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Enviro news on Mlive
- Subject: Enviro news on Mlive
- From: Christine Manninen <firstname.lastname@example.org>
- Date: Thu, 09 Apr 1998 14:36:54 -0400
- List-Name: GLIN-Announce
- Organization: Great Lakes Commission
Posted on behalf of Dave Poulson <Poulsondav@aol.com>
Latest from Michigan Live: http://www.mlive.com/
LANSING - Gov. John Engler has helped set a precedent for using Great
Lakes water in communities outside the region: You can use it, but you
have to put it back. Within a month, Akron, Ohio, will pipe Lake Erie
water to its suburbs outside the Great Lakes basin. Engler approved the
diversion last week, the last of the eight Great Lakes governors to give
the project the go-ahead.
Davison Twp. - Bill Townsend lives in an area that is rapidly becoming
suburban, but lately he has been doing battle with wildlife. Townsend
said he has been attacked three times in the past week by a young wild
turkey that hangs around his yard. The turkey and others have been
perching on his truck, inside his garage and on his deck.
Marcia Curtis has had windows broken from footballs thrown by kids
playing behind her trailer in Parkwood Green Mobile Village Park.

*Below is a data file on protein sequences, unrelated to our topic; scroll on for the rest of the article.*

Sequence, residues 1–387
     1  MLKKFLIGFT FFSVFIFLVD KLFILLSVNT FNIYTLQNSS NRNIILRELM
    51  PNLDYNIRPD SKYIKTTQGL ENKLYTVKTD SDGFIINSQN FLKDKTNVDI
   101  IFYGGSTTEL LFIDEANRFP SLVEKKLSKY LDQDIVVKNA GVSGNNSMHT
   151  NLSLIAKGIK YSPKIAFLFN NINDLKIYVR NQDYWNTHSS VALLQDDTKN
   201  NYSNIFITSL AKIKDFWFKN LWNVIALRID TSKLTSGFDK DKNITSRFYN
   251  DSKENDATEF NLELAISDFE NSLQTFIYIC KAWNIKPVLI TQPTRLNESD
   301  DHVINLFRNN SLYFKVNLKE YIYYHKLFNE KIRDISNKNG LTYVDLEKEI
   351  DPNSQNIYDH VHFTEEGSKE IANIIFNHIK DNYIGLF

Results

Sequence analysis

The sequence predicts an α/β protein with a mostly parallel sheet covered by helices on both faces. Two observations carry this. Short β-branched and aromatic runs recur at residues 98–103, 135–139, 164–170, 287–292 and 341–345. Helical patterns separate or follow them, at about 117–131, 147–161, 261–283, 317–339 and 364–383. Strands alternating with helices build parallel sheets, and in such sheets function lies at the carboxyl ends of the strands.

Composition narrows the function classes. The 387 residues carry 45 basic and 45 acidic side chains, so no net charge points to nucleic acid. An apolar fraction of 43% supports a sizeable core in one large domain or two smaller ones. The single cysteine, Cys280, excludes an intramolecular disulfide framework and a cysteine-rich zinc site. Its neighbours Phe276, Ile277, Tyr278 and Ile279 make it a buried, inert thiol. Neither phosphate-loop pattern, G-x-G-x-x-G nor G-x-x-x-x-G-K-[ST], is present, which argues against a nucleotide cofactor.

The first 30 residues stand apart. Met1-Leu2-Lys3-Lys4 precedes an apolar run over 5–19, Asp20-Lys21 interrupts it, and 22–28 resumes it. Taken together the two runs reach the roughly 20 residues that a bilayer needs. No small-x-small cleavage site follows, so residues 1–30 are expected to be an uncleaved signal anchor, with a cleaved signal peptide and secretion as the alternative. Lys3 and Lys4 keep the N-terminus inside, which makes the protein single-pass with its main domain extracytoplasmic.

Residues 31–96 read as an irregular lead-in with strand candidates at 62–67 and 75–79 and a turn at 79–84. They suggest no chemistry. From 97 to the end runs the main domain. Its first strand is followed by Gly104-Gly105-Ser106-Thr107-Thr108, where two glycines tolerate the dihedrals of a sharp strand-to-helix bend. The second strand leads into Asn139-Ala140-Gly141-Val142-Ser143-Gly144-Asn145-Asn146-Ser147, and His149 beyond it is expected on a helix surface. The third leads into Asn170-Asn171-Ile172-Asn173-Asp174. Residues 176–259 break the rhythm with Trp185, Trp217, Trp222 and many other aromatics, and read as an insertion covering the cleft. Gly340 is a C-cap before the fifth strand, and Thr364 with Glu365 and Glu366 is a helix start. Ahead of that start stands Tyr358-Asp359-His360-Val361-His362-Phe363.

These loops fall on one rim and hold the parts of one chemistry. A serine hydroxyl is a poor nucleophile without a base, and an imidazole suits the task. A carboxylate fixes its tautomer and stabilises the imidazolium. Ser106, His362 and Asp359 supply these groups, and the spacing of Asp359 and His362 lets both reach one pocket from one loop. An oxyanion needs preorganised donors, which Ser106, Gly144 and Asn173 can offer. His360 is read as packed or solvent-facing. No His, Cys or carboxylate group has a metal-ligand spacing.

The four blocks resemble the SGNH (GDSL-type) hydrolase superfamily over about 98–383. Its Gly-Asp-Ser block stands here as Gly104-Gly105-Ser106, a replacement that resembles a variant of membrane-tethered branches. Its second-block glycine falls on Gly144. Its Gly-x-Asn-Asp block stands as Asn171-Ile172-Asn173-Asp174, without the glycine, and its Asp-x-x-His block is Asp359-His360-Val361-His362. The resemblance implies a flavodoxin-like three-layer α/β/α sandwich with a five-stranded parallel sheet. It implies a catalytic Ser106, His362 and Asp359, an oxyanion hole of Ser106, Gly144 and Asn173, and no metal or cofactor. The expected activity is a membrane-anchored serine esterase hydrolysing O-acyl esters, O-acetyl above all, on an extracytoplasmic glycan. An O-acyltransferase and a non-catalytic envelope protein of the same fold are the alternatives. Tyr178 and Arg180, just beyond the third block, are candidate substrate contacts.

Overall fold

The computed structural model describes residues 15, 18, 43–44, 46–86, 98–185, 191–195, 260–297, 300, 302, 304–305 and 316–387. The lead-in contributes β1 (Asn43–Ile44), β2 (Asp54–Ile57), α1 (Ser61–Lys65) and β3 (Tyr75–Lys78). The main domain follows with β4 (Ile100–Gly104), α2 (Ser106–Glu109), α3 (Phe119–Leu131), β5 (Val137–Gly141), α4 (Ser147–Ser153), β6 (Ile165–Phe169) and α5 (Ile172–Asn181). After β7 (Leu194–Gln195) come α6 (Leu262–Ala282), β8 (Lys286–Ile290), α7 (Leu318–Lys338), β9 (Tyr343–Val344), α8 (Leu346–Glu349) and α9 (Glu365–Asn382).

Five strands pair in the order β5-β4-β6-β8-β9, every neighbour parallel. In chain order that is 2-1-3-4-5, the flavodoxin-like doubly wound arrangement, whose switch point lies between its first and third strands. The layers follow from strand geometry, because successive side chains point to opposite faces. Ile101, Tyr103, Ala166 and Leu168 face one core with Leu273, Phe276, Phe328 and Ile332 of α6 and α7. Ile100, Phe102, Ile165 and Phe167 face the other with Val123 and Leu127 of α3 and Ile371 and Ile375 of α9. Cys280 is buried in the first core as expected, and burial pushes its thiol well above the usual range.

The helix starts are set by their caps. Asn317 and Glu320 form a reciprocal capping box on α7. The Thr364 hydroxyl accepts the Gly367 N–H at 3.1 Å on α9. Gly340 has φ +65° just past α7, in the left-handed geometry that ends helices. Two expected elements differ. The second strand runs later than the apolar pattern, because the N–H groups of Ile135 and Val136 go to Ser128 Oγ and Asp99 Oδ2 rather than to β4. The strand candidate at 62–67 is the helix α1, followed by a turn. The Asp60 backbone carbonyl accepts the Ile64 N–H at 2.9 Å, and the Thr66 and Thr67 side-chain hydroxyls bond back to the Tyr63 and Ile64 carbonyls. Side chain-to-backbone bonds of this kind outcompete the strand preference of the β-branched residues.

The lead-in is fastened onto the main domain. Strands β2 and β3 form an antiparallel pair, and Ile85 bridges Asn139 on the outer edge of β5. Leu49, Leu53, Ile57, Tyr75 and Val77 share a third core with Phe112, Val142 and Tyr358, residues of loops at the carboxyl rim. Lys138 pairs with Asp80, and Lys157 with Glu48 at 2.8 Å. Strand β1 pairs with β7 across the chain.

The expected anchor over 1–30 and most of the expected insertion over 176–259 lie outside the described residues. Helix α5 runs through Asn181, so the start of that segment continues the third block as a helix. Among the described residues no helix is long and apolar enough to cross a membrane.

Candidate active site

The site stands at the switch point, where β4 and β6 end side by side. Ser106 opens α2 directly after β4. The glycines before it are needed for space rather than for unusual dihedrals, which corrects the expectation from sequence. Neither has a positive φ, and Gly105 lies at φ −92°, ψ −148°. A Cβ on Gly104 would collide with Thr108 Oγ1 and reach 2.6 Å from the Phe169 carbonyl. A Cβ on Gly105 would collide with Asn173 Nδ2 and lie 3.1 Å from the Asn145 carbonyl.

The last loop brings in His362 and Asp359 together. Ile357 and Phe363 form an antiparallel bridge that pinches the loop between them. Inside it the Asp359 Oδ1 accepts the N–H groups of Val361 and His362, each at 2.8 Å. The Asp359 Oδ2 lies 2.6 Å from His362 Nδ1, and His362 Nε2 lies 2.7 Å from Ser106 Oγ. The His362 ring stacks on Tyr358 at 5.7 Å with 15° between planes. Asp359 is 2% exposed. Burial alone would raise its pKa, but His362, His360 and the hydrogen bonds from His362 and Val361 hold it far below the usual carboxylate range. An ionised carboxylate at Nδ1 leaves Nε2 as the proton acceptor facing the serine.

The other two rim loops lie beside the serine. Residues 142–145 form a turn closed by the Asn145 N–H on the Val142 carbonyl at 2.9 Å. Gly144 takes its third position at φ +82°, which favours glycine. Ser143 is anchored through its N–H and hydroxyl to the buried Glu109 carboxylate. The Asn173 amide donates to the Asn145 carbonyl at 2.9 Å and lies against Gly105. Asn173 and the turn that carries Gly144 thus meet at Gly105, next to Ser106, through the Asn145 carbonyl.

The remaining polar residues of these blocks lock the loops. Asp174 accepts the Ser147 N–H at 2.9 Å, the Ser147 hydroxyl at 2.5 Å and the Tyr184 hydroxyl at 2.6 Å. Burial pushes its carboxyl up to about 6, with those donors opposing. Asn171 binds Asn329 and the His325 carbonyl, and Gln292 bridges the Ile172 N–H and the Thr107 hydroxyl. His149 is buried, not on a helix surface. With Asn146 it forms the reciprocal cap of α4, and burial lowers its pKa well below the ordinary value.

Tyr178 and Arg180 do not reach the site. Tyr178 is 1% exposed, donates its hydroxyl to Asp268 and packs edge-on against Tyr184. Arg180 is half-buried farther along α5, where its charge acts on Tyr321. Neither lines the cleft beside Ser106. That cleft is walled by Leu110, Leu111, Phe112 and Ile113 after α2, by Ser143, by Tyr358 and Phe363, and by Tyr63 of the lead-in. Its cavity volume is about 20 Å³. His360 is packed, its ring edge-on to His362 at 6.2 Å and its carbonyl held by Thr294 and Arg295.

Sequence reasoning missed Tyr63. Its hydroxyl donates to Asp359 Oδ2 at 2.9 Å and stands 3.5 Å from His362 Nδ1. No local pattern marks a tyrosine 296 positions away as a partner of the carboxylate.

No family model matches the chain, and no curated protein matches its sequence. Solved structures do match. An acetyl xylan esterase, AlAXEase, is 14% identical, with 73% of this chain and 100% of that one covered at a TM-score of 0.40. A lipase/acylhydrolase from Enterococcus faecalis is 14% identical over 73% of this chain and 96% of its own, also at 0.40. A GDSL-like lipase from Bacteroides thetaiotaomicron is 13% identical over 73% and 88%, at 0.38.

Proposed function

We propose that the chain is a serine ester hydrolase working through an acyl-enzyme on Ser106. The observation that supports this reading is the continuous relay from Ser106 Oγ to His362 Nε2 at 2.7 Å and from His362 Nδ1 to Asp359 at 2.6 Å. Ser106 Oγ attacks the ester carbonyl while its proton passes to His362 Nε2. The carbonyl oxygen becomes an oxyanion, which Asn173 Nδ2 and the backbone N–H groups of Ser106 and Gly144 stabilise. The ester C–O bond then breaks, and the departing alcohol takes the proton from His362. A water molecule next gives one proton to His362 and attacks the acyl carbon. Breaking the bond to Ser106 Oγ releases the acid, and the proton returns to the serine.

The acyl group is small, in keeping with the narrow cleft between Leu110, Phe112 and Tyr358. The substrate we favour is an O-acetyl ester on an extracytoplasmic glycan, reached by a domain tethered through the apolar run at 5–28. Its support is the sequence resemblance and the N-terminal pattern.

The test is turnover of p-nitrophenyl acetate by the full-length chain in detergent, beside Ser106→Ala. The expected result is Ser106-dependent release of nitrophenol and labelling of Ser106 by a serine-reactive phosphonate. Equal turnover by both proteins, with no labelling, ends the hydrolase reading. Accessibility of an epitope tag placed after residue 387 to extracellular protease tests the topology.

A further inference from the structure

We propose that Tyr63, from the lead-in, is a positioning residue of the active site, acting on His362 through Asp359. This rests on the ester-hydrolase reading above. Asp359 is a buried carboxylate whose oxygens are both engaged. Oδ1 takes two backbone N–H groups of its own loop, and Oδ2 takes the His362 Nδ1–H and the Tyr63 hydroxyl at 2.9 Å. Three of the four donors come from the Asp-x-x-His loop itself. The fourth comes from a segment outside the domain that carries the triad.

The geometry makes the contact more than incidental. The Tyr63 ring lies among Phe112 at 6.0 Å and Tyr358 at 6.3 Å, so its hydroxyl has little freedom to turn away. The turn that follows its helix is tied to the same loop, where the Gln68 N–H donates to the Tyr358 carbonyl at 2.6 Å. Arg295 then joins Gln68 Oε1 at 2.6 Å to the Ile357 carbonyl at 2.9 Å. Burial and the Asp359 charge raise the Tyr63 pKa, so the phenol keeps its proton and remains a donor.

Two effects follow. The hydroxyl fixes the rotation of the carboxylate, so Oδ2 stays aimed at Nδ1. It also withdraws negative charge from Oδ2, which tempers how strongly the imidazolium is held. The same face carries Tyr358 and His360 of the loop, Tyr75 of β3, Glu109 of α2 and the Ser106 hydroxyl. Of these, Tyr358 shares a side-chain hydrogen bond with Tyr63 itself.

But she figures an occasional broken window is better than allowing the
youngsters to play in the field east of the trailers, where raw sewage
sometimes bubbles to the surface. Holly Mercer, environmental sanitarian
at the state Department of Environmental Quality, said residents at the
park on Schulz Road have complained since 1980 about the ailing sewage
JACKSON Lead levels at the St. Mary Child Care and Development Center
are up to five times higher than the acceptable level, according to
Health Department tests. But that doesn't necessarily mean children at
the center will be adversely affected. "From what we know, we don't
believe there will be any long-term or short-term health effects," said
Steve Stiefel, environmental health director at the Jackson County
Health Department. "This is not the same as a child being in a house
(with high lead levels) 24 hours a day."
CLIMAX - Larry and Brigette Leach's nearest neighbors are Larry's
parents, who live in a small house next door, his grandmother 100 or so
yards up the road and the 1,200 hogs they raise nearby. And that's the
way they want it to stay. To make sure of it, the Leachs are prepared to
sell the development rights for 500-plus acres to the state of Michigan
for much less than they could make if a real estate developer came along
wanting to plant acres of condominiums.
To spur business growth, the city of Kalamazoo wants a new street built
off Covington Road to access developable land in the city's industrially
zoned southeast corner.The dead-end street, one-sixth of a mile in
length, would open up to development a former citywellfield, as well as
some adjacent, privately owned property.
Saginaw workers are planting 300 locusts, maples and ashes in hopes of
reclaiming the city's heritage as an urban haven for trees. Last week,
the city planted $13,000 worth on Court from Michigan to State; Warwick
from Davenport to Weiss, and Michigan from Cleveland to Houghton.
Another 50 flowering crab apple trees soon will go into the ground on
Ezra Rust, Adams, Delaware and Ottawa. They cost $2,000.